Teeny, tiny, little lapis pieces.

I am often in awe of jewelry that is not necessarily right for me. When it comes to picking out jewelry for myself, I go for the miniature and impossibly delicate. That’s kind of sad for me because I also love all things lapis. That gorgeous stone — like pieces of the night sky.  I never tire of looking at it.  Lapis has a funny habit of being invited into bigger and bolder pieces. (Perhaps, that is because it is a fairly soft stone and it is more durable in bigger chunks.)

This last weekend, my husband and I made a stop at the Union Street Festival in San Francisco.  There, among the many booths of handmade goods, food, and services, I found this little gem:

Beautiful Lolabean lapis bracelet.

Beautiful Lolabean lapis bracelet.

Tiffany Rodgers Bean of Lolabean makes many sweet, delicate items and it is worth checking out her other work.  With this piece, I love being able to have my favorite stone showcased so simply and in just the right amount.

What can I say?

Here, I so often try to find new things to say about design elements that speak to me. Sometimes, I just want to just share something I’ve found and say, “Hey, I love that. I would wear that.”

But, really, shouldn’t I say more? Shouldn’t I say why? You know, it’s just not that easy. It’s easier to speak of lovely technique or innovation but it’s harder to say why something just strikes a chord.

Among the lines of jewelry that cause words to fail me is the work of Erin Jane.

White Jade NecklaceLong White Jade Necklace

So, about this, I can scare up a few words.  As I’ve said before, one of the things I most appreciate in jewelry design is when the designer really makes necessary components do some of the aesthetic heavy-lifting.  Jane has done this here with the silver band connecting the pendant to the chain.  With this little maneuver, she’s cleverly elevated the design from what could of have been a much more forgettable necklace.

Gold Bracelet with White Topaz (2)Gold Bar Bracelet with White Topaz

Nice. Clean. Simple.

Chocolate Diamond NecklaceChocolate Diamond Three Stone Bar Necklace

I didn’t write fast enough.  This has sold.  It’s beautiful, though, and maybe she’ll make more.  I love dots.  I love mixed metal.  This is no brainer.  Love it.

Pierced Through The Heart

I was not allowed to get my ears pierced until I was eleven. Eleven! The shame. It took an all-out campaign to get my dad to acquiesce.   Even then, he wouldn’t take me.  Having acquired permission, I had to talk a babysitter into it.  Once pierced, I quickly accumulated a collection of crappy earrings.  I loved them all and no morning was complete until I worked a pair until those elusive holes.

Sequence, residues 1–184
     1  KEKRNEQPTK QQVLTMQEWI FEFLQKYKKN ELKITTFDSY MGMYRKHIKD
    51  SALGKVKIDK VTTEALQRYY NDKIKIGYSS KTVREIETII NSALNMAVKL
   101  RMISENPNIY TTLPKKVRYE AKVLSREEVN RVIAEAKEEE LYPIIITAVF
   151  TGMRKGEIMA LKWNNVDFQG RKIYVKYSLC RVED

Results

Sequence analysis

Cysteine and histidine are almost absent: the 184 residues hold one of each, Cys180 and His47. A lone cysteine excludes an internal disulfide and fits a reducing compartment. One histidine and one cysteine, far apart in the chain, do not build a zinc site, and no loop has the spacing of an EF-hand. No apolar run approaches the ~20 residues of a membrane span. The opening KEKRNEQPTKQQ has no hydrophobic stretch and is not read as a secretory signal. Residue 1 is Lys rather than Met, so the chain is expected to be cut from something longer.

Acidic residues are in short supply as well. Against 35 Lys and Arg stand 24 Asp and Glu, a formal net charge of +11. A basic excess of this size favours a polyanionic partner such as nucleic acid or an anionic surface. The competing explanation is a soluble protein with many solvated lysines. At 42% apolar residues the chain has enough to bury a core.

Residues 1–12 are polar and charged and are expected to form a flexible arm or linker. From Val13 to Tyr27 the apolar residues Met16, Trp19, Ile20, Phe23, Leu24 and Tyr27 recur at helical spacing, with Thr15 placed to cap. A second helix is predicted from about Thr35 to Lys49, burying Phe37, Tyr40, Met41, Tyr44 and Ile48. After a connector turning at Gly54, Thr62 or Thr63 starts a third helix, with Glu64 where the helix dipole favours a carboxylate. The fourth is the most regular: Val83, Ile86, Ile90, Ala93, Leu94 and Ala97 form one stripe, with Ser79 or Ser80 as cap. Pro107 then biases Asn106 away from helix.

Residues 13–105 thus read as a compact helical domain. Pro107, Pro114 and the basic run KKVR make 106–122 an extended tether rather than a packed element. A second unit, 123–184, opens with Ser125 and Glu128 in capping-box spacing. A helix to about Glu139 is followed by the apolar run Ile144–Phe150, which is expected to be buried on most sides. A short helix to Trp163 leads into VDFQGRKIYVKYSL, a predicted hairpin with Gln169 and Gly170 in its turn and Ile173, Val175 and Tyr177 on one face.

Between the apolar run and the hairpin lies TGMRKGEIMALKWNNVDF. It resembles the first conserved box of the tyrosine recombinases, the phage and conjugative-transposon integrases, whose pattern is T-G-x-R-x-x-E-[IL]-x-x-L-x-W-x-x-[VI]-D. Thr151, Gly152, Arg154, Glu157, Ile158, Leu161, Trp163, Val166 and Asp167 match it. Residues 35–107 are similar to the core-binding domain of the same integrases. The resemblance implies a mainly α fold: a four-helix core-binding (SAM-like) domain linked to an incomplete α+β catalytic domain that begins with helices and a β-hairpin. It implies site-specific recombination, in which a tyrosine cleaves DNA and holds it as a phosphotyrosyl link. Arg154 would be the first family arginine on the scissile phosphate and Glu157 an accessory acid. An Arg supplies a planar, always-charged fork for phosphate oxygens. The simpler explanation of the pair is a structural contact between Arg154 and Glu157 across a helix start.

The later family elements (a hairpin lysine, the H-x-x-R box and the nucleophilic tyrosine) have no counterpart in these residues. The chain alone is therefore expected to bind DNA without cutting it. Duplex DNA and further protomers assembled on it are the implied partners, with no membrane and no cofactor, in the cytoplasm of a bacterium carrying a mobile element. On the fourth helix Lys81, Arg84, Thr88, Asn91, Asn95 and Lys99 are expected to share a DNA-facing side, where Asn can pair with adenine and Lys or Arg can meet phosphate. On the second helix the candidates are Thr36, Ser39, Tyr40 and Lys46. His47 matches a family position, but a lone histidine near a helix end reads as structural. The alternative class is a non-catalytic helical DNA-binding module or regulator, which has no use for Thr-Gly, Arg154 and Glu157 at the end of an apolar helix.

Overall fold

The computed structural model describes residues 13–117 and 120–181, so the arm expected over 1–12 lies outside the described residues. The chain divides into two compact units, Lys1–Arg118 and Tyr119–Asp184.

Every so often I will notice an adult woman who has never had her ears pierced. As important as it was to me as kid to have it done, now, I sort of admire the restraint it took to not mutilate ones ear lobes in order to wear Claire’s finery.  Admiration aside, when I see such a stalwart, I wonder: “How did you make it through your adolescence that way?  Did your parents just never give in?  Did you ever try bargaining for it with a good report card?”

These days, and I am not sure when it happened, I don’t wear earrings very often.  Usually, I forget to put them in.  And, when I go looking to expand my now meager earrings collection, I come away disappointed.  It all seems so done and predictable.  Ultimately, I think earrings have a tall order to fill.  They are, after all, next to one’s face.  The can’t just be pretty objects in and of themselves — they have to be flattering. 

But, I looked hard, dear readers, and I found signs of life.  In particular, I found that Heidi Daus’ earrings have a great deal of life.  She has a wonderful line jewelry that is all worth a comment.  But, today is about earrings — so here we go.

Big, Bold, and Repurposed

It is not too difficult to find old jewelry components that are suitable for being repurposed into new pieces.  Your mother’s jewelry box, thrift stores, antique stores — it’s everywhere, really.  The trick is in the designing.  It takes practice to do it well and have collected components find a home in a new piece.  Peiyu Tan, who seems to specialize in repurposed Nepalese jewelry, has done a wonderful job doing just that.

These and other amazing pieces, which are unbelievably affordable, can be found in Peiyu’s Etsy store, UniqueNepal.

A Diverse Vision

Artists, Gil and Irena Tsafrir, have used their respective skills to create a beautifully varied and diverse line of jewelry. Their line, which is available in the Etsy store, zulasurfing, is full of unusual ideas — it is fun, bold line.

The Mark Poulin Interview!

Hello Readers:

The very talented and prolific jewelry designer, Mark Poulin, kindly agreed to answer some (slightly odd) questions for Bread and Cake.  I think you’ll enjoy this window into his jewelry-designing mind.  His work can be found in his Etsy store and on his website.